The UK is back in recession. According to preliminary data from the Office for National Statistics (ONS), real GDP declined by 0.2 per cent in the first quarter of 2012, having declined by 0.3 per cent in the final quarter of 2011.
Economists define a recession as two consecutive quarters of falling GDP. These preliminary data may be revised.
Some economists have pointed out that the decline in GDP is at odds with other evidence about the economy, in particular stronger retail sales and a pick-up in business confidence. They think, when the ONS has more information, we will eventually find the economy avoided recession.
Whether or not we are in recession, the bigger picture shows economic activity in the UK is very weak. Real GDP has fallen in four of the last six quarters and has increased by just 0.4 per cent since the coalition government took office in the second quarter of 2010.
This is a result of a number of factors, some of which – global energy prices for example – are outside the control of the government. But there is little doubt the government’s austerity measures have contributed to the slowdown.
Here is a scorecard of different economic indicators over recent months:
Analysis of previous recessions – across a number of advanced economies – has shown those that follow the bursting of debt and asset bubbles tend to be deeper and to last longer than other recessions. The same analysis shows recoveries following this type of recession tend to be slower and more faltering that other recoveries.
The current UK experience is adding more evidence in support of this conclusion.
The recession of 2008-9 was the deepest since the 1920s (matching the depth of the 1930s recession) and the recovery following it is turning out to be the slowest for at least 100 years. Putting aside whether or not the economy is back in recession, output was still more than 4 per cent lower in the first quarter of 2012 than it was at its peak four years earlier.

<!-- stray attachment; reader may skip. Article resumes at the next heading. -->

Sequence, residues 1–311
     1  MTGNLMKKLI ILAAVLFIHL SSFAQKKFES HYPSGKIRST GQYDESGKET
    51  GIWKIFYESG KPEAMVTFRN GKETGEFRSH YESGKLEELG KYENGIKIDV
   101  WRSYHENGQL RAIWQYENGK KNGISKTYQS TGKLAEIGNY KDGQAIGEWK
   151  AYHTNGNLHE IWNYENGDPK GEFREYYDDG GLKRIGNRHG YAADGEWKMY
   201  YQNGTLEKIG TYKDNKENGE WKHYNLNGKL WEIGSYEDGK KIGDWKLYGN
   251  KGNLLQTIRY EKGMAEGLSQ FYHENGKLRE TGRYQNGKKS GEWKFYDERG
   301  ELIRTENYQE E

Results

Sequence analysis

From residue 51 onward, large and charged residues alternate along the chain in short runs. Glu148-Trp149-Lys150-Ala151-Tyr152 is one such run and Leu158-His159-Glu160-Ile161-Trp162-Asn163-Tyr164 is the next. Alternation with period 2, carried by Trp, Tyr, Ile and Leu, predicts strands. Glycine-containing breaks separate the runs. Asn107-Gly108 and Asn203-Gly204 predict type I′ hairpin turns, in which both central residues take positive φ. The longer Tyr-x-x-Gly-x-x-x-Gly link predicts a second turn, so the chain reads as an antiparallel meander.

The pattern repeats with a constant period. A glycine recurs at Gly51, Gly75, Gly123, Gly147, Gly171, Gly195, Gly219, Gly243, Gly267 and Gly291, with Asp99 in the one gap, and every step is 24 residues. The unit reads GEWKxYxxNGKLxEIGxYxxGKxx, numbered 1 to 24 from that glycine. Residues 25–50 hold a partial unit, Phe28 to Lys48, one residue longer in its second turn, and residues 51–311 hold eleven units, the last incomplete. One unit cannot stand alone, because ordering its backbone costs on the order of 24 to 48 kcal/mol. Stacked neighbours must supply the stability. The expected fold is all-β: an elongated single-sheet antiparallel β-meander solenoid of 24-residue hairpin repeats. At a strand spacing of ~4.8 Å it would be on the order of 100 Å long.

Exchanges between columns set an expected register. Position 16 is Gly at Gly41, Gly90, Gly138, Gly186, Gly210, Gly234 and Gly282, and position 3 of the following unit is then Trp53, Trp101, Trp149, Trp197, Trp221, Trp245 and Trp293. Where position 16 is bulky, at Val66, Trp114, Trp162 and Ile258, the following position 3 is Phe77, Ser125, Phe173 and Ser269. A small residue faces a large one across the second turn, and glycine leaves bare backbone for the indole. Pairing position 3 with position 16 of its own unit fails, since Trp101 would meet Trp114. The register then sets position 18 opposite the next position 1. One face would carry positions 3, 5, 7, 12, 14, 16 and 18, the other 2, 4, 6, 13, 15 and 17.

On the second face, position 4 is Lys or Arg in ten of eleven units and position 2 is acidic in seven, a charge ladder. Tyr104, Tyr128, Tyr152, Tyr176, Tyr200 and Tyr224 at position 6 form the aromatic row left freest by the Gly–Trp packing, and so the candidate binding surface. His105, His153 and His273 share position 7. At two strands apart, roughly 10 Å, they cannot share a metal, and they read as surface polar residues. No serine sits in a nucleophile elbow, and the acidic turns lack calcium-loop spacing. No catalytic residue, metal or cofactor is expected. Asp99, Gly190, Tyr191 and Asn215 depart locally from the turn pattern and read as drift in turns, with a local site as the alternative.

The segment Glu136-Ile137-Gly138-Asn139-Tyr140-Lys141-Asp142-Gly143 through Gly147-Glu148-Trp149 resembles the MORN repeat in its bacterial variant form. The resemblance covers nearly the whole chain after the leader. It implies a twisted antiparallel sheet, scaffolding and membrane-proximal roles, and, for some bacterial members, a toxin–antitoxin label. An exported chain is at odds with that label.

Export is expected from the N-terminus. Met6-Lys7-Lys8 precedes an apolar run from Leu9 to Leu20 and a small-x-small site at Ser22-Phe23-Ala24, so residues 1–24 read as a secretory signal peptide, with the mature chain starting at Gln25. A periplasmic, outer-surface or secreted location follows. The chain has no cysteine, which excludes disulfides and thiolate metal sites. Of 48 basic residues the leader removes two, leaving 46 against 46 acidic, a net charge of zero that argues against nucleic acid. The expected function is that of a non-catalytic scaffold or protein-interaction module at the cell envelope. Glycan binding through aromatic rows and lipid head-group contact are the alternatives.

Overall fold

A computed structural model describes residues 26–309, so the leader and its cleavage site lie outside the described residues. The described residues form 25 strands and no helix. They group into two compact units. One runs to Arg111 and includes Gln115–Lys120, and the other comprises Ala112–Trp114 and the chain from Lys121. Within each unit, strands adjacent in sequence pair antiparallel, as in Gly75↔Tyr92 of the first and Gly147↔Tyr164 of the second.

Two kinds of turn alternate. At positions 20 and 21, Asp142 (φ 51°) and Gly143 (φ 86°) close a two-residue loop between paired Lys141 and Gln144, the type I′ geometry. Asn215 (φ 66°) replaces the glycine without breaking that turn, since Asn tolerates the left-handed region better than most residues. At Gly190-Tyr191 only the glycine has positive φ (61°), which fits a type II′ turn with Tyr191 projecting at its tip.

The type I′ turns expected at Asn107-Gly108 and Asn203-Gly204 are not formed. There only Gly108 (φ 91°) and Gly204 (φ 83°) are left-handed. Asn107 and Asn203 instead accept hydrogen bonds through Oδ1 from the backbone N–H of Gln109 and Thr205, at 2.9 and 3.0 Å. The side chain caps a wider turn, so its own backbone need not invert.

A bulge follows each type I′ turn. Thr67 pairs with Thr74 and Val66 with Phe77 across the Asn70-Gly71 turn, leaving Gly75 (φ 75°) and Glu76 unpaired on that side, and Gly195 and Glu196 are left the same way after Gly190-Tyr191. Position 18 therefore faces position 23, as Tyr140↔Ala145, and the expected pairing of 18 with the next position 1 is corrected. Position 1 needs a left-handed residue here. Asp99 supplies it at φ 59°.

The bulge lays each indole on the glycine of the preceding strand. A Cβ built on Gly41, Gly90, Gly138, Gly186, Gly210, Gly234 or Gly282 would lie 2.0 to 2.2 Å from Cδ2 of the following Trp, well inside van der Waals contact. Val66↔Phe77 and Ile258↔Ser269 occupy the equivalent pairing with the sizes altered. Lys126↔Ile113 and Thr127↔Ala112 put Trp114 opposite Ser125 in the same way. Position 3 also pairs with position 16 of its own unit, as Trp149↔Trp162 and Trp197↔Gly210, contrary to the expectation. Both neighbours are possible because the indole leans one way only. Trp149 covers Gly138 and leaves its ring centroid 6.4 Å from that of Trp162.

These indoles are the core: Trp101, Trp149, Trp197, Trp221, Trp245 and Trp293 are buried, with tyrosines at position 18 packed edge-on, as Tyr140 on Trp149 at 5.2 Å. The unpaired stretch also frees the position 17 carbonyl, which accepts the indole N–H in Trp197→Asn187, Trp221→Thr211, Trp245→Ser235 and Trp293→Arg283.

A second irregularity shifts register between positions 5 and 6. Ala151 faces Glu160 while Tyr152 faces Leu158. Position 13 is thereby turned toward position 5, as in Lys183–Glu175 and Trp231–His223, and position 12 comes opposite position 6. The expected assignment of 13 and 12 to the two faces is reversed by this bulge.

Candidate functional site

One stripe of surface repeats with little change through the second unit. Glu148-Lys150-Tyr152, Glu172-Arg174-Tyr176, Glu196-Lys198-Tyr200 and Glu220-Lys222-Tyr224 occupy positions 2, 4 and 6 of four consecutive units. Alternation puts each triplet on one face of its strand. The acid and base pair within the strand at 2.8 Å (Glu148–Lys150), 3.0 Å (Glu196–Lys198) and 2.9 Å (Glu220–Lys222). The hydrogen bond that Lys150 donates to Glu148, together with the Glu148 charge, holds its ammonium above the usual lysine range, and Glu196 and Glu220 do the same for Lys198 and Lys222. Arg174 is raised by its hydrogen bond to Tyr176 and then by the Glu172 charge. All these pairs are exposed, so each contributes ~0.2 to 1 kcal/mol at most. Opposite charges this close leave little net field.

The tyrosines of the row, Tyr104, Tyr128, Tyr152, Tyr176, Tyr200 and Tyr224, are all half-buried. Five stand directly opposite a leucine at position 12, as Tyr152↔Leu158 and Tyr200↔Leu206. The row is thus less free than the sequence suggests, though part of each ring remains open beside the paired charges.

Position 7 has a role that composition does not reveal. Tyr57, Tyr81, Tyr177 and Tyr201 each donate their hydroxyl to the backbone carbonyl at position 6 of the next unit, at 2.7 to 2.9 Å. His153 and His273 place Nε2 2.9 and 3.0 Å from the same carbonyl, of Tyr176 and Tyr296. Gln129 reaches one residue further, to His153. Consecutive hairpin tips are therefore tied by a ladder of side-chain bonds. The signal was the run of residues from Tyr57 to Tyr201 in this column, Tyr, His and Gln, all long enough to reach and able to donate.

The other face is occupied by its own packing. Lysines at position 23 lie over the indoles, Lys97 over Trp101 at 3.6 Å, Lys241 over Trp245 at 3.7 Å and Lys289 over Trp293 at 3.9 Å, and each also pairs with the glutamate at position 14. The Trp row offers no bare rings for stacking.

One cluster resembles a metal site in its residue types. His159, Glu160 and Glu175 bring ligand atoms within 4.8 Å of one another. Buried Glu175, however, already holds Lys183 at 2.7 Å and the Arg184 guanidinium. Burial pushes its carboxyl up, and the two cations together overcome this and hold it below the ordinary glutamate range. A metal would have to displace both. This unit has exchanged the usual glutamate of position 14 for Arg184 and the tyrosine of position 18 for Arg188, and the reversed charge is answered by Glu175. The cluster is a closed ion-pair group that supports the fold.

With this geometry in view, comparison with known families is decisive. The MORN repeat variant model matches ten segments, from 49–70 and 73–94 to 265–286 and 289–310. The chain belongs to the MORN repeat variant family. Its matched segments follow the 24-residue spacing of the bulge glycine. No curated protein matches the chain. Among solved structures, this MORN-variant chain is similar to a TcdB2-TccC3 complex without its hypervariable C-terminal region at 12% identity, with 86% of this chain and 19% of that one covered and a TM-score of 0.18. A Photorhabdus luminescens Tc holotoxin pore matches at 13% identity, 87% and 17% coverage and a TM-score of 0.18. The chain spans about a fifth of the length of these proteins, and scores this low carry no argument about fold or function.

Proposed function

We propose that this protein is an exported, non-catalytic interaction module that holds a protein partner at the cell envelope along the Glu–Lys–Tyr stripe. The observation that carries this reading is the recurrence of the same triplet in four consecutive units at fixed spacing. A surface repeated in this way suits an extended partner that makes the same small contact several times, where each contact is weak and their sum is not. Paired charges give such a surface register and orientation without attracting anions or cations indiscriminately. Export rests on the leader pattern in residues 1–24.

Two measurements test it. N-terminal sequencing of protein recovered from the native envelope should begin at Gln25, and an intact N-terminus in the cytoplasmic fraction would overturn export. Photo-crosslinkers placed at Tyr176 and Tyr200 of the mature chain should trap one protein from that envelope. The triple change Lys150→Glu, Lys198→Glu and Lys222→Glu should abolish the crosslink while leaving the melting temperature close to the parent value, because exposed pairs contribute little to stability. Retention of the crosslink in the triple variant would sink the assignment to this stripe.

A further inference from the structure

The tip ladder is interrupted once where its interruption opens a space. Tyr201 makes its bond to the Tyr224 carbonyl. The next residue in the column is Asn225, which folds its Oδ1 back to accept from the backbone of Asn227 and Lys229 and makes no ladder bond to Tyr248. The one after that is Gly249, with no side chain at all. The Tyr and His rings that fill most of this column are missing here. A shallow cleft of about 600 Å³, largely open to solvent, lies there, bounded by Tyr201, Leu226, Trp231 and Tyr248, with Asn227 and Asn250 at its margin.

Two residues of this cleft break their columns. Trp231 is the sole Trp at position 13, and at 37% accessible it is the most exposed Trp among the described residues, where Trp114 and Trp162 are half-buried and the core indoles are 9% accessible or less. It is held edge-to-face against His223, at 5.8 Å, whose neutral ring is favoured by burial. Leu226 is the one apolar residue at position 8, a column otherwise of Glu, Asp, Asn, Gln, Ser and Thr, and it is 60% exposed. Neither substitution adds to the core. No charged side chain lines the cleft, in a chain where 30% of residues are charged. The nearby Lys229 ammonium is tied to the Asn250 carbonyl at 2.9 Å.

The Office for Budget Responsibility thinks it will not exceed this peak until some time in 2014.
• Economic Update – February 2012: Double dipped 7 Feb 2012
• Economic update – January 2012: Outlook not all bad 9 Jan 2012
It is not that the economic news is all bad: business confidence has been higher this year than in the second half of 2011; retail sales were much better than expected in March and the latest figures show a fall in unemployment over the last three months for the first time in nine months.
But for every positive indicator, there is another negative one: consumer confidence is at very low levels; manufacturing output fell more than expected in February; and full-time employment is still falling.
Inflation is also proving sticky. The big hope for 2012 was that a sharp fall in inflation would increase households’ spending power, leading to a boost in consumer spending and stronger output growth. But inflation unexpectedly increased in March and prices have risen about 2 per cent faster than earnings over the last year. As a result, any recovery in spending is likely to be weak or short-lived.
At best, 2012 looks like being another year of disappointing growth.
GDP declined by 0.2% in the first quarter:
Preliminary figures show real GDP contracted by 0.2% in the first quarter of 2012. These figures may be revised, but if they are not, the UK is back in recession (on the technical definition of two consecutive quarters of declining GDP).
The main weakness in the economy was in construction, where output fell by 3.0% in the first quarter, but industrial output was also down by 0.4%. Furthermore, the increase of 0.1% in service sector output was attributable wholly to the government sector. See Figure 1.
Employment is increasing – but only for part-time workers:
Employment in the latest three months, to February 2012, was 53,000 higher than in the previous three months (though it was still down 57,000 compared to a year earlier).
The number of part-time workers was up 80,000 in the latest three months, while full-time working fell by 27,000. Not all of this increase in part-time working is voluntary. There are now 1.40 million people who say they are working part-time because they cannot find full-time employment – the highest number since records began in 1992.
Unemployment has fallen: